The town’s finance committee concluded its article review Monday night as one article was indefinitely postponed, one was not voted on, and two were not recommended.
Marblehead resident Daniel Albert spoke on behalf of the article he is sponsoring, Article 50, which entails a vote to amend town bylaws relative to new subdivisions. The goal of this article, Albert said, is to help make Marblehead safer for pedestrians. The article would provide developers of properties with two books that discuss building on properties with pedestrian safety in mind: the latest editions of “AASHTO Guide for the Planning, Design, and Operation of Pedestrian Facilities,” and “A Policy on Geometric Design of Highways and Streets.”
“(Article 50) tells developers that Marblehead wants them to put a pedestrian on the same footing as motor vehicles,” Albert said.
In the books are topics like how big a sidewalk should be and how long a red light should last, Albert said. He also said that both books would be recommended for town committees and developers to read, but not required.
Albert said that the article has no bearing on building codes or zoning amendments, and would cost no money to the town. However, committee member Michael Janko said that there would be costs.
“When you talk about adding new rules, regulations, that’s going to require people’s time,” Janko said. “Maybe it’s not a cost that we see, but it’s man hours that are going to be invested by people that have to read these rules, put these rules into effect, and review the rules.”
Committee Chair Alec Goolsby replied by saying that Article 50 is advisory and there are no requirements to read the books. Janko then responded that whether the reading is required or not, some hours will still be spent on the review of the books and their implementation.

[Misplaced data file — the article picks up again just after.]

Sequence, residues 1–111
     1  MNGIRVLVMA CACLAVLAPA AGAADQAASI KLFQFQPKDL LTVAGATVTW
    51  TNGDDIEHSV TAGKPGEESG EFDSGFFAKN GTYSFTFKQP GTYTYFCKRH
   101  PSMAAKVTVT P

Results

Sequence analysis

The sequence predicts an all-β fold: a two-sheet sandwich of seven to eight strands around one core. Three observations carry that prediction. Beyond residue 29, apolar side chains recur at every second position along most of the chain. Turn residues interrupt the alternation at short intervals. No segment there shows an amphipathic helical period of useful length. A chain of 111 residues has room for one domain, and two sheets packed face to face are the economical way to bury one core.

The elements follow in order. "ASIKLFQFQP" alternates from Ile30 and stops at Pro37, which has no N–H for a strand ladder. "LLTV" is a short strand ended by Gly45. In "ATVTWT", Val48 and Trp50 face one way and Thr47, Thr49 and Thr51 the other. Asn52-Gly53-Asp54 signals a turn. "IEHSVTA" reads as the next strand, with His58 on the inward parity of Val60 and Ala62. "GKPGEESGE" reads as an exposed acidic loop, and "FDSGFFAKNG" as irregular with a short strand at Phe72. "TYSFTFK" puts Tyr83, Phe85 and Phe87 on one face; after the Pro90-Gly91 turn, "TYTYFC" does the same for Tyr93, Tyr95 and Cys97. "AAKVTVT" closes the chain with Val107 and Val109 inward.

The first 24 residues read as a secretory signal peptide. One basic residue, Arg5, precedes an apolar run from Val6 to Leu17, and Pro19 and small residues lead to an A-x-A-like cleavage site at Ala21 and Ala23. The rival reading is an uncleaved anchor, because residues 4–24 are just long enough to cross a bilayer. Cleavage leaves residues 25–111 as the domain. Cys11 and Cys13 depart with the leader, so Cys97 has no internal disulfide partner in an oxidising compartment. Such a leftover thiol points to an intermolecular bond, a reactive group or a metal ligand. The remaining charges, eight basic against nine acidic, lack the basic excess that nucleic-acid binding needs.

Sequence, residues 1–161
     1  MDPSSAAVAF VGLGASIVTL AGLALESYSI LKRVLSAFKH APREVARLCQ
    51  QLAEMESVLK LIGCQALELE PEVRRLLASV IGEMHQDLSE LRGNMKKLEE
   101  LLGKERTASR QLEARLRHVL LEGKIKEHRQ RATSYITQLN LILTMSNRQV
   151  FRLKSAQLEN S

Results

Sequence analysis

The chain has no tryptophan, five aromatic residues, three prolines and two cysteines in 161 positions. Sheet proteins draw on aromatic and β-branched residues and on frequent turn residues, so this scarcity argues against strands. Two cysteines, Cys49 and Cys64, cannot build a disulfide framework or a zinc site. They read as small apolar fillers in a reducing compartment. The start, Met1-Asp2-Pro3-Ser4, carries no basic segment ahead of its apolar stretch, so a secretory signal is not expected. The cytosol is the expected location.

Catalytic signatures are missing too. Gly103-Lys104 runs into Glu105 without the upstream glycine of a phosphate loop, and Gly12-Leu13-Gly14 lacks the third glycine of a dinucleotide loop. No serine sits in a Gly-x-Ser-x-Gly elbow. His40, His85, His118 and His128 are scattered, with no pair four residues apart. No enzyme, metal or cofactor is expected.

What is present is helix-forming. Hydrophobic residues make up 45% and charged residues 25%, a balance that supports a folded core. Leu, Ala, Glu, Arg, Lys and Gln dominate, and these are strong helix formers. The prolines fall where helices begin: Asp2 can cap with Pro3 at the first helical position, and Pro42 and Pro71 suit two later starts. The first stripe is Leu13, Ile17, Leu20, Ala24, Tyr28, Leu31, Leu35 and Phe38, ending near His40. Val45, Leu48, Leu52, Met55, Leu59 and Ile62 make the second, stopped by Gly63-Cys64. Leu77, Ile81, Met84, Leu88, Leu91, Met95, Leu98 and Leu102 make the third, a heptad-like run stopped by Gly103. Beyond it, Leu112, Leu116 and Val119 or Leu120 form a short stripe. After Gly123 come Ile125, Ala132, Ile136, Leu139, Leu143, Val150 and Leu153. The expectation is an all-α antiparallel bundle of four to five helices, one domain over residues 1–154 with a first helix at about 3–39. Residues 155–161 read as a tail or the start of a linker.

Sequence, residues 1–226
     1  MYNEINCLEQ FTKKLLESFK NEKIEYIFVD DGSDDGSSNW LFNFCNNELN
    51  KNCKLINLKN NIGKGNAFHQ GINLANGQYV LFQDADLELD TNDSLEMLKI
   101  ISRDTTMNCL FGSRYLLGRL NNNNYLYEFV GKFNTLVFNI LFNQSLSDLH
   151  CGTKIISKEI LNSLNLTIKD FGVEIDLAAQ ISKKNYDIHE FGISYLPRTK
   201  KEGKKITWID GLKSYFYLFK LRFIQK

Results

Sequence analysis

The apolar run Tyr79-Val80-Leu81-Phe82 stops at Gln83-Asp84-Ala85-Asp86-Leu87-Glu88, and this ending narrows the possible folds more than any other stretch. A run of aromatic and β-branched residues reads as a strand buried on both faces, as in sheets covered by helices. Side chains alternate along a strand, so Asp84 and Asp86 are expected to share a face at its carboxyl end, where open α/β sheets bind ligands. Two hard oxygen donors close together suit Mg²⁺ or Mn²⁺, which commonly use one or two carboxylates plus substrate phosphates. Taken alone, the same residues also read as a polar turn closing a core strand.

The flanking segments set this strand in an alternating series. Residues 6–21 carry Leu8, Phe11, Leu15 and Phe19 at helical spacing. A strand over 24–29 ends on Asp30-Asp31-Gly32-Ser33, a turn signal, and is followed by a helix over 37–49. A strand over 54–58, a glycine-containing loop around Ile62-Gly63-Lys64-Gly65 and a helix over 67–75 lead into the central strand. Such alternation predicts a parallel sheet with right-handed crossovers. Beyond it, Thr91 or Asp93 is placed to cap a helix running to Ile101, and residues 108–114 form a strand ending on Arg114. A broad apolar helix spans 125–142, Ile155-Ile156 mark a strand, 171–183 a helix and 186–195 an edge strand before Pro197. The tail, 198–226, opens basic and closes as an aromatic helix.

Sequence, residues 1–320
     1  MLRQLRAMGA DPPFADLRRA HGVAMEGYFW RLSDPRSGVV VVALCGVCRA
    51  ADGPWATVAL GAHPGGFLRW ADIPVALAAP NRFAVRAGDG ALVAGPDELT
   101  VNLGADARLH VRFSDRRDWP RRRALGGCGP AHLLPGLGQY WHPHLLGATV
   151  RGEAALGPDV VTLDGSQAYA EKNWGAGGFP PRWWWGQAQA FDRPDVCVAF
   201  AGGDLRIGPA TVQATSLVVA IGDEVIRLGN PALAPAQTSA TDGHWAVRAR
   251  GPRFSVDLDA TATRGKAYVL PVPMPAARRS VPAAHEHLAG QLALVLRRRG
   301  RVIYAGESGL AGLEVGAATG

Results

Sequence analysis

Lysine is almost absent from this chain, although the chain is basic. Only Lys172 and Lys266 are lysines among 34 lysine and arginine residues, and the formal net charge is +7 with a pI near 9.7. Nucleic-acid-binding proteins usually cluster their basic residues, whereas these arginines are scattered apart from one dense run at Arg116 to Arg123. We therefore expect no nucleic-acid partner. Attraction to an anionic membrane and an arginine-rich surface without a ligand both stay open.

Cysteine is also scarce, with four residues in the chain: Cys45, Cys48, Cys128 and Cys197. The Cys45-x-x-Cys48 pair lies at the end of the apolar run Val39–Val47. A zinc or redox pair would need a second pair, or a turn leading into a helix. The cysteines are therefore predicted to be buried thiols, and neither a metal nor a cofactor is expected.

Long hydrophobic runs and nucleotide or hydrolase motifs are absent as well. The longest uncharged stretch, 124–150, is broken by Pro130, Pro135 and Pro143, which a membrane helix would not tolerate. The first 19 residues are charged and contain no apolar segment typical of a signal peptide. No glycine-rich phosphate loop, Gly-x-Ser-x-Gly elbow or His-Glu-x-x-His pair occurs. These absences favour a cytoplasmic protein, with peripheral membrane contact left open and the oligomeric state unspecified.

Town Administrator Thatcher Kezer offered his assessment of the article, saying that it would simply add guidelines “that planning boards would use to look at development projects.”
“What matters, what really makes it happen or not happen, are the conditions set by the Planning Board for development,” he said. “It sounds like what would happen is they could choose to grab some kind of conditions out of the actual guidelines or any other guidelines and make it a condition upon the development.”
After review, it was decided that the article would not impact the town financially in a significant way, and the committee did not vote on a recommendation.
Article 46, which aims to allow for the installation of heat pumps in the Old and Historic Districts in order to help the town reach its goal of 100 percent carbon-free energy, was indefinitely postponed by the committee after Goolsby said it was not being brought forward. Last week, the committee did not make a recommendation on the article.
Articles 51 and 52, which would, respectively, require certain boards and committees to record meeting minutes and make all meetings available for remote viewing, did not see a vote for recommendation by the Finance Committee. However, they will still be brought forward at Town Meeting.